ANNOUNCER: Ladies and gentleman, the president of the United States. (Cheers and applause)
KWAME HOLMAN: President Bush was greeted by a loud and friendly audience of invited guests in Omaha, Nebraska this morning -- the same kind of reception he got yesterday in Fargo, North Dakota, and Great Falls, Montana.
Those are states the president won easily in the fall election, and this week they became starting points for his new campaign: to change Social Security.
PRESIDENT GEORGE W. BUSH: You see, I believe one of my responsibilities is to travel our country talking about problems and how we intend to solve them, reminding people that the job of a president is to confront problems, not to pass them on to future generations and future presidents.
KWAME HOLMAN: The president went on to outline what he says the problem is.
PRESIDENT GEORGE W. BUSH: Greater promises to more people who are living longer with fewer payers. That's a problem, particularly when you start doing the math.
The facts are, in 2018 that the amount of money going out of Social Security is greater than the amount of money coming into Social Security.
KWAME HOLMAN: Congressman Ben Cardin has been traveling as well, around his heavily Democratic district in Maryland. He didn't draw the big crowd the president did, but yesterday in the town of Odenton, Cardin did fill the community center with his promise to give constituents his own take on the president's Social Security plans.
REP. BEN CARDIN: Let me tell you, I disagree with the president. As your congressman, as your congressman, I think it's important for me to let you know how I feel.
But it's essential that everyone understands the facts about Social Security. If we understand the facts about Social Security, I believe this nation will make the right decision.
KWAME HOLMAN: Cardin first reminded his audience why President Franklin Roosevelt and Congress created Social Security.
REP. BEN CARDIN: Before we had Social Security, one out of every three Americans who were over the age of 65 lived in poverty; today that's less than 10 percent. Social Security has worked.
And it's important not just for people who are retired, not just for people who are disabled. It's important for young people; it's important for every American.
And we need to strengthen Social Security, not to fundamentally change Social Security.
KWAME HOLMAN: But changing Social Security is just what the president called for this morning in Omaha. And the biggest change would be the gradual transition to new personal retirement accounts.
PRESIDENT GEORGE W. BUSH: If you invest your money in conservative stocks and bonds, you're likely to get around a 4 percent rate of return, which is greater than double the money you're earning right now in the Social Security trust.
And over time, that means your own money will grow faster than that which is in the Social Security trust. In other words, you'll have more money when it comes time to retire. That's what that means. And that's an important concept.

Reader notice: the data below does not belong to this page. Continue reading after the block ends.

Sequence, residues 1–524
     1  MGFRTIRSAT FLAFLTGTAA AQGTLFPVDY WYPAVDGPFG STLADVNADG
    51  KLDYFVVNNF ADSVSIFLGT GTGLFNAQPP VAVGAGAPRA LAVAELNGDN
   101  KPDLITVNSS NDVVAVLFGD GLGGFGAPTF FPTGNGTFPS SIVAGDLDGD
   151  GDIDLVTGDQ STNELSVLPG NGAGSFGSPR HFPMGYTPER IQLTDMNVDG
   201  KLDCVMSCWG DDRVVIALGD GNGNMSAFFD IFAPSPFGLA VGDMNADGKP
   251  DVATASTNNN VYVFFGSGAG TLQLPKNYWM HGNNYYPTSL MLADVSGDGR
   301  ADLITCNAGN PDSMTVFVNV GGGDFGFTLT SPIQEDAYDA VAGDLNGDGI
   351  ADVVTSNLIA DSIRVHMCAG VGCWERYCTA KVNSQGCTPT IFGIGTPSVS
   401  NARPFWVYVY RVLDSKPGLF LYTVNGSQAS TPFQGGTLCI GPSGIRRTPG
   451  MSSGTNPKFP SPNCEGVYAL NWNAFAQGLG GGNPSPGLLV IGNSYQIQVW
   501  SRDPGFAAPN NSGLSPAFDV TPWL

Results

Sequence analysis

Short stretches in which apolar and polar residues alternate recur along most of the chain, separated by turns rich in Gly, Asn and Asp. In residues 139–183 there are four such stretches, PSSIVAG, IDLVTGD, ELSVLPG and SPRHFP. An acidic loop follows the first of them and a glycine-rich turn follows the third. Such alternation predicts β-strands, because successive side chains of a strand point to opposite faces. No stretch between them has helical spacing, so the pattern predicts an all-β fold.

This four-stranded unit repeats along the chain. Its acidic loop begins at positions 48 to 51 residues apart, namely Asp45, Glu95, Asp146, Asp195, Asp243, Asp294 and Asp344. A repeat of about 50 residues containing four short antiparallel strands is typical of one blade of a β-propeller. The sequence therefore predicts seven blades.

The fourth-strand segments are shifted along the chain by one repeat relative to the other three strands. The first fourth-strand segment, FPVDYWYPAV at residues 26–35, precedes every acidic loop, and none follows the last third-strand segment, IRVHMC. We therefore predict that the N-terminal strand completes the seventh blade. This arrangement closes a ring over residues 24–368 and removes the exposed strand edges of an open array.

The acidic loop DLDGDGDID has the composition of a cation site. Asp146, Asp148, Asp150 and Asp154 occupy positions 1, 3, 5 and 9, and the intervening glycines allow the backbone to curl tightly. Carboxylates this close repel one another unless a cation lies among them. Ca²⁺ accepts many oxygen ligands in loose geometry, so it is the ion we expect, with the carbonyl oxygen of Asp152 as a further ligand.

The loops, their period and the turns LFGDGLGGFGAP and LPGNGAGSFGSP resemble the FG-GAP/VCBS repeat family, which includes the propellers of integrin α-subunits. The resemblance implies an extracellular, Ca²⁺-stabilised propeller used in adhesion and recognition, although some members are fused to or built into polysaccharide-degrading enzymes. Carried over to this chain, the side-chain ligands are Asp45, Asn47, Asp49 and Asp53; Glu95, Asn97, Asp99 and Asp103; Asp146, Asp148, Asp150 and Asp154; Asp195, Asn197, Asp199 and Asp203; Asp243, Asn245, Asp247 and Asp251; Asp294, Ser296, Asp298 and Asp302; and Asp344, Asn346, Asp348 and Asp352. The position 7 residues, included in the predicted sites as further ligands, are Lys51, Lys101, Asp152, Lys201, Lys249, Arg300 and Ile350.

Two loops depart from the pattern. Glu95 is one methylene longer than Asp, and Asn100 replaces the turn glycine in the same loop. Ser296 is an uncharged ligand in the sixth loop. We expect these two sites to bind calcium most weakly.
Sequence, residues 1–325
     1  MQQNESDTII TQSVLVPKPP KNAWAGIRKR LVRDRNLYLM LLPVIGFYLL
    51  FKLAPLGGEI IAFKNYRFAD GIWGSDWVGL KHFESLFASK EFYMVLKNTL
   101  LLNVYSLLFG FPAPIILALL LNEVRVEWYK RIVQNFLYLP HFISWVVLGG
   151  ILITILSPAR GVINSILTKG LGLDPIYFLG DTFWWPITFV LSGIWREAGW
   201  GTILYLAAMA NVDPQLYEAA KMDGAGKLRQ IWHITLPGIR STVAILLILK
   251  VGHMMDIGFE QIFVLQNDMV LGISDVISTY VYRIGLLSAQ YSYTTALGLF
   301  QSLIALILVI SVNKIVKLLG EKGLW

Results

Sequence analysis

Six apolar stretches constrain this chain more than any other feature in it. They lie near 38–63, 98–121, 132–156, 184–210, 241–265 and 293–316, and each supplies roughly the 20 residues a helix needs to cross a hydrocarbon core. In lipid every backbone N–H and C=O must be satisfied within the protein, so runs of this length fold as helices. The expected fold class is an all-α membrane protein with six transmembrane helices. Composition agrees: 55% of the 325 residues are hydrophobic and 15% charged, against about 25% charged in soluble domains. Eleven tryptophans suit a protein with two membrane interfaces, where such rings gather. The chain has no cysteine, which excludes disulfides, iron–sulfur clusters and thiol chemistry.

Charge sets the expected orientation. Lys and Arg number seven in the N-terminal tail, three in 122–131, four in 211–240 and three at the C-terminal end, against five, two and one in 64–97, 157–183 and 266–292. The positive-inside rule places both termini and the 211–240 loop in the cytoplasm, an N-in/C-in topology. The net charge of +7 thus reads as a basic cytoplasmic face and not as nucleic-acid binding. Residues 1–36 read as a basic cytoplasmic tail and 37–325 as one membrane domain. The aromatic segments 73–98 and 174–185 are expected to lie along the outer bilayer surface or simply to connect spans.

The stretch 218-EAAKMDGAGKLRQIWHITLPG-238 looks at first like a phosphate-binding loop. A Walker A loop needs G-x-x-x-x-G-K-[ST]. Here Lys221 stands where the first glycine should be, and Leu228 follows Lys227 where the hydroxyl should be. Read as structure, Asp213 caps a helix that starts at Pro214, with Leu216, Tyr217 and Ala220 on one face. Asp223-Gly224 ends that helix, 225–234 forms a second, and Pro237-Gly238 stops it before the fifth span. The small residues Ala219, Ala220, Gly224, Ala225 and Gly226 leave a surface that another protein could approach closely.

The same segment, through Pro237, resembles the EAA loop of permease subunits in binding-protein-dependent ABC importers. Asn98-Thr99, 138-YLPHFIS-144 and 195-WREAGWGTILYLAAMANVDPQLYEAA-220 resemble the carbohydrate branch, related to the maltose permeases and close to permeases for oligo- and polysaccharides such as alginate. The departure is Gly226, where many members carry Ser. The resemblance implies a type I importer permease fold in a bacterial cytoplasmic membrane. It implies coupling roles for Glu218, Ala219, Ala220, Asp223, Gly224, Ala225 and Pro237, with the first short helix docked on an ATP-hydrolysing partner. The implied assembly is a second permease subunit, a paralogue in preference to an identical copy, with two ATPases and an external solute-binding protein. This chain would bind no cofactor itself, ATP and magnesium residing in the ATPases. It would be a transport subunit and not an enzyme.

KWAME HOLMAN: One woman told the president that if her late mother had been able to save money using a personal retirement account, the savings earned would be helping her today.
WOMAN: So that's the reason why I'm in so much support of this plan, because of the fact that once a person expires, their Social Security benefits will now go to their families and it won't be floating out there somewhere under a number.
And as I look at my situation, you know, being that I am currently a student, a doctoral student, and using my tuition money in order to help support my sister, this is bankrupting me.
PRESIDENT GEORGE W. BUSH: And one of the benefits of personal accounts, a personal retirement account, is that you leave something behind for your children or grandchildren.
WOMAN: That's right.
PRESIDENT GEORGE W. BUSH: And I think it's fair. I think there -- you know, there's a group, the life expectancy of certain folks in our country is less than others, and that makes the system unfair.
In other words, if you're dying earlier than expected, the money you put into the system simply goes to pay somebody else.
KWAME HOLMAN: Ben Cardin also discussed the personal accounts.
REP. BEN CARDIN: The president is suggesting that we take money out of the Social Security system to set up private accounts for younger workers.
These aren't changes that strengthen Social Security. This is carrying out an agenda to minimize the Social Security as your core basic retirement security.
KWAME HOLMAN: One woman said all the talk of accounts to benefit the individual bothered her. She said all generations had worked together under Social Security, but would no longer under the president's plan.
WOMAN: And in doing that, we lose the sense of the younger people and their needs, of those who are on disability and their needs. We get so concerned about "how am I going to get what I need?"
REP. BEN CARDIN: Social Security is called Social Security for a reason. The name is what it is. It is what we believe a collective responsibility that we have as a nation, to make sure that people who get hurt or disabled or families who have a death when there's young children, that they are protected.
And as people reach retirement, they have an economic safety net. That's what Social Security is about.
KWAME HOLMAN: Congressman Cardin told his constituents it might take some time for them to understand all the intricacies of the Social Security debate. President Bush admitted the same in Omaha and promised to continue explaining the problems of Social Security over the next several months.